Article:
On the southwest side of the City of Sonoma, a small stream named Fryer Creek cuts through a quiet neighborhood.
In late October, the creek was, like most waterways in the Bay Area, inundated with water during the “bomb cyclone” storm. However, as the rains pounded Sonoma with seven and a half inches of rain, Fryer Creek stayed fairly tame for the beginning of the storm, according to nearby residents Barabara and Larry Audiss.
“The water was really low [during the storm], even with the heavy rain, and then all at once the water was extremely high,” Larry Audiss said. “We went up and you could see where the dam had been breached.”
Larry Audiss is referring to a beaver dam close to MacArthur Street. The waters proved too strong for part of the recently built dam along this tributary of Sonoma Creek, likely pushing more water downstream.
This was not the only beaver dam in Sonoma Valley that was affected by the storm. In upper Sonoma Creek, most beaver dams were leveled by rushing waters.
However, the three beaver dams along Fryer Creek remained largely intact after the storm, perhaps due to the smaller size of the waterway. Even the dam that was breached could be rebuilt come next spring.
“[Beaver] dams in less flash flooding systems can act as a speed bump in a big torrential downpour,” Kate Lundquist, co-director of the Water Institute at the Occidental Arts & Ecology Center, said. This is what the Audisses noticed in reverse as the water rapidly rose on Fryer Creek—the sudden disappearance of a speed bump.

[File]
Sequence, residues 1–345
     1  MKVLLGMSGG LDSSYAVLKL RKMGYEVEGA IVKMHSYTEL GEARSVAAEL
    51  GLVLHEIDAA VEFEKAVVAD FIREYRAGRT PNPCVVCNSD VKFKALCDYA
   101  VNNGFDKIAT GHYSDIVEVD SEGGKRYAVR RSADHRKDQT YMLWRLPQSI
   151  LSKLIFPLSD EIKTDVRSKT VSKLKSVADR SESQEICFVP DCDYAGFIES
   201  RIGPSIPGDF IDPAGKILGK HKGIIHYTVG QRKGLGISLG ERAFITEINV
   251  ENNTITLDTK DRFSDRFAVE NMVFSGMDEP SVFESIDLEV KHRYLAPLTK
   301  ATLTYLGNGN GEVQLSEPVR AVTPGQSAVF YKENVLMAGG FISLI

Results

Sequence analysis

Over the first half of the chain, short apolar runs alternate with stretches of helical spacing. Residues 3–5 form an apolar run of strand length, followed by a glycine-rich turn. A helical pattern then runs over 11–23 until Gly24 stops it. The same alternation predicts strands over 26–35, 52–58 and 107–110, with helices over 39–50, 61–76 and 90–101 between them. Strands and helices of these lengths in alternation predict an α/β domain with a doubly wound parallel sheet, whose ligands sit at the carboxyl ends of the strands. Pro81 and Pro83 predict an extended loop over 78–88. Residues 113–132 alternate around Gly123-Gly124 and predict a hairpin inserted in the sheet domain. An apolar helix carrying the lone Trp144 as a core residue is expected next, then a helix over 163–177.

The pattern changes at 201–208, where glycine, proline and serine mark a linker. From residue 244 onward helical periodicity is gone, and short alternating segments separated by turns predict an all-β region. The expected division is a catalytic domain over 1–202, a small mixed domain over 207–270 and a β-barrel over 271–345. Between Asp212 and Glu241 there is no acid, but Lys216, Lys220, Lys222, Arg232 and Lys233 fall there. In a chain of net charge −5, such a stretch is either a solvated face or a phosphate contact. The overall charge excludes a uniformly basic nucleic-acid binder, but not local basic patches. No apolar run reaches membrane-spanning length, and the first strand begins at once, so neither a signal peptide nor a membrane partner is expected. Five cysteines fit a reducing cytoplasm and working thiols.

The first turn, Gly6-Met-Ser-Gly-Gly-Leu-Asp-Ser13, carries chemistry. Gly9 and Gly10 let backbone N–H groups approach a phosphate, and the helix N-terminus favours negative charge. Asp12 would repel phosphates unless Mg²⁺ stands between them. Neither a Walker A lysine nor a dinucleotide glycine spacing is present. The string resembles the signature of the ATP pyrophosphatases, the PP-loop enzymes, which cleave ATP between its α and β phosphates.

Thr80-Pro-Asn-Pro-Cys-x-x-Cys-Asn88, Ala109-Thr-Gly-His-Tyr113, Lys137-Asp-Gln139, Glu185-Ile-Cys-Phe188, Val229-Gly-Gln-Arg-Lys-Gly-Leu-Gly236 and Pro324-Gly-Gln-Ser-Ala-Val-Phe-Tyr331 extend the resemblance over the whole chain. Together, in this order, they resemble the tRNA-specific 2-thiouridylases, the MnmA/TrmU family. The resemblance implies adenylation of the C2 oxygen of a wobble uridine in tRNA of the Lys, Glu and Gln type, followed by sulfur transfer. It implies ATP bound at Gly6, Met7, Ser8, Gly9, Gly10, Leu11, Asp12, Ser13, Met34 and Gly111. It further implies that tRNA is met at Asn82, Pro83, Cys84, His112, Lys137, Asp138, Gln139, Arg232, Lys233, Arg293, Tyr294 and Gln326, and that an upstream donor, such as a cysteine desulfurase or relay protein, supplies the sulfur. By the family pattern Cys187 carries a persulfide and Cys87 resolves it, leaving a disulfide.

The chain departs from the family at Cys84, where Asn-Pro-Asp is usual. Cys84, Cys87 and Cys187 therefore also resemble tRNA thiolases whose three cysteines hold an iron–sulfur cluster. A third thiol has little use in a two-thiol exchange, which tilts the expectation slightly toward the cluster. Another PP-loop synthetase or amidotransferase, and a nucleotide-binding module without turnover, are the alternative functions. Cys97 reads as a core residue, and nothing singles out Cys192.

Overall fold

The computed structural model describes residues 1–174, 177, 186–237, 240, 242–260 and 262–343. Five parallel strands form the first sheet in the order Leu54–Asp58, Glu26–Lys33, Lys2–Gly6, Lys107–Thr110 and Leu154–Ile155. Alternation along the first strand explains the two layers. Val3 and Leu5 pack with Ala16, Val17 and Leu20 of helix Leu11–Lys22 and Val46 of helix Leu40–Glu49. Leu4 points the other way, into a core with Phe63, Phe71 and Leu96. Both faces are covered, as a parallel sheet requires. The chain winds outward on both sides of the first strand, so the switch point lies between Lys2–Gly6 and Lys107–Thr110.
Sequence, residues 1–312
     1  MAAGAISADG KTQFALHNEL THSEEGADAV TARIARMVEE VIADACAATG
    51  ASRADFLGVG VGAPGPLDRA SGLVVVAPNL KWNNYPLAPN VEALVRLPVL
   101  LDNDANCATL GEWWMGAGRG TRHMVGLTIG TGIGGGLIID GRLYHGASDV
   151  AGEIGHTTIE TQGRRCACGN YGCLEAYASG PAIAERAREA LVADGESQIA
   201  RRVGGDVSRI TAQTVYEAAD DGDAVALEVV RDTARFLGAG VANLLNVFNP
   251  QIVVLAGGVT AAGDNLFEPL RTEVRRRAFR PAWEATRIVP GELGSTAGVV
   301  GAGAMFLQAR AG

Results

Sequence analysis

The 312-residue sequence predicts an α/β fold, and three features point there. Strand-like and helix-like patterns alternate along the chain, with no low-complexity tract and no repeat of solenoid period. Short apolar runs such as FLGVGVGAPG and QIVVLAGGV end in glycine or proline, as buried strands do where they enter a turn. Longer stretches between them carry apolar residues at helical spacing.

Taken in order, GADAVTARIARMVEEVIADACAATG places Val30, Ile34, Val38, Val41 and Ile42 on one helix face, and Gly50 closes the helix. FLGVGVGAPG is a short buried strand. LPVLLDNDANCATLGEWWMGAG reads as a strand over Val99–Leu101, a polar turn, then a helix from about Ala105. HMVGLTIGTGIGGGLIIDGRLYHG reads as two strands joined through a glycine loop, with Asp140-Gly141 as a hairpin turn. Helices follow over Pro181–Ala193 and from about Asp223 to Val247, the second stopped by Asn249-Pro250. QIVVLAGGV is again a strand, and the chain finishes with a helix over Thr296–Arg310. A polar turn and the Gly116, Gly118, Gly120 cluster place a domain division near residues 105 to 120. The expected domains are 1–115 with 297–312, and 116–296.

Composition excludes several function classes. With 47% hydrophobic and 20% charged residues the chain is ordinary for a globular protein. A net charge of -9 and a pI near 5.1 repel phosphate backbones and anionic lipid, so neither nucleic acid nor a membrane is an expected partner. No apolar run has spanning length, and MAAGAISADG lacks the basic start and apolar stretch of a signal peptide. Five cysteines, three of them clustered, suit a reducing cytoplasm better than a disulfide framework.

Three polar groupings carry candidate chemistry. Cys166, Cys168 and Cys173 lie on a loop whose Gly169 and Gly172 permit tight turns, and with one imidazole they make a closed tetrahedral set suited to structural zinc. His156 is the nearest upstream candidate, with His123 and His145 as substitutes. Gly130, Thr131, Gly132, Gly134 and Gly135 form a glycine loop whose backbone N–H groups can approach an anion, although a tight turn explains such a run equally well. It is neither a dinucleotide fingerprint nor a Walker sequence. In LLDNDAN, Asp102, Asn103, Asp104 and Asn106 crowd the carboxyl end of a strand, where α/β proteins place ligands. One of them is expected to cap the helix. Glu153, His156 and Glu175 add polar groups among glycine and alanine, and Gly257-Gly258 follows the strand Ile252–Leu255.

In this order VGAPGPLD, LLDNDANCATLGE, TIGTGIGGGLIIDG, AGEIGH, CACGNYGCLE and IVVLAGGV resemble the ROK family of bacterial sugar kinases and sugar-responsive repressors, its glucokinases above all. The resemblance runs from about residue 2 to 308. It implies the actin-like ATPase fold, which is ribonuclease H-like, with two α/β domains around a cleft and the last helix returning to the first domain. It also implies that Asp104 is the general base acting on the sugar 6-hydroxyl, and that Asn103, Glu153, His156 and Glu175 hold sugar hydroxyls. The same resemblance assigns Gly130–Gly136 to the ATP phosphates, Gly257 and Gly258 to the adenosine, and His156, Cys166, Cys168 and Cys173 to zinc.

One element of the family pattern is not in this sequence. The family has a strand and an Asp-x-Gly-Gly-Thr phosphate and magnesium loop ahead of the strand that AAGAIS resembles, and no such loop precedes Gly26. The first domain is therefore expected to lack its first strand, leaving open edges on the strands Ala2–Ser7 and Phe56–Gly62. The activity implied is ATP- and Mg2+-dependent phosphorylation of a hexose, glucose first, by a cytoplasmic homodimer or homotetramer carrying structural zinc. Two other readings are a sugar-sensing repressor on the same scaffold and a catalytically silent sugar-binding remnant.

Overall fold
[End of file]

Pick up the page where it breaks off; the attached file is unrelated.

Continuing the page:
Advocates like those at OAEC argue that beavers play a key role in creating healthy waterways and ecosystems. The role of beavers in the recent storm is just one example of why advocates want to reintroduce—and protect—beavers throughout the state.
However, under state law, beavers are considered a “detrimental species” due in part to their dam-building, which can damage agricultural land and flood human developments. They are feared, and often killed, by landowners for this reason.
Beavers, which are native to California, are considered a keystone species due to their ability to drastically change any ecosystem they are a part of, leading to greater biodiversity. Due to their outsized impact on a landscape, their return to Sonoma Valley means many aspects of the land will change with their presence.
Often, when a beaver colony moves into an area, they begin to slow the movement of water by building their dam. This, over long periods of time, has many positive impacts on native wildlife.
“Even if all they can do is show up and build one little pipsqueak dam and create a bank burrow, they’re already jacking up the habitat diversity and providing all kinds of refuge for a bunch of different species,” Lundquist said.
Beavers use their dams to create deeper waters, making it easier for them to use their strength as swimmers to evade predators. They often build their burrows, or lodges, in the ponds to ensure a safe underwater entrance to their home. These Beaver ponds in turn create a better environment for willow trees, one of the rodent’s favored foods. It is here, just upstream from the dam, that species of fish, birds, and plants thrive.
Beaver ponds also raise the height of the groundwater, bringing cooler water up into a stream. Endangered coho salmon, which are particularly sensitive to changes in water conditions, benefit greatly from beaver dams, both as a haven for juveniles, and by keeping the water at a cooler temperature than it would be otherwise.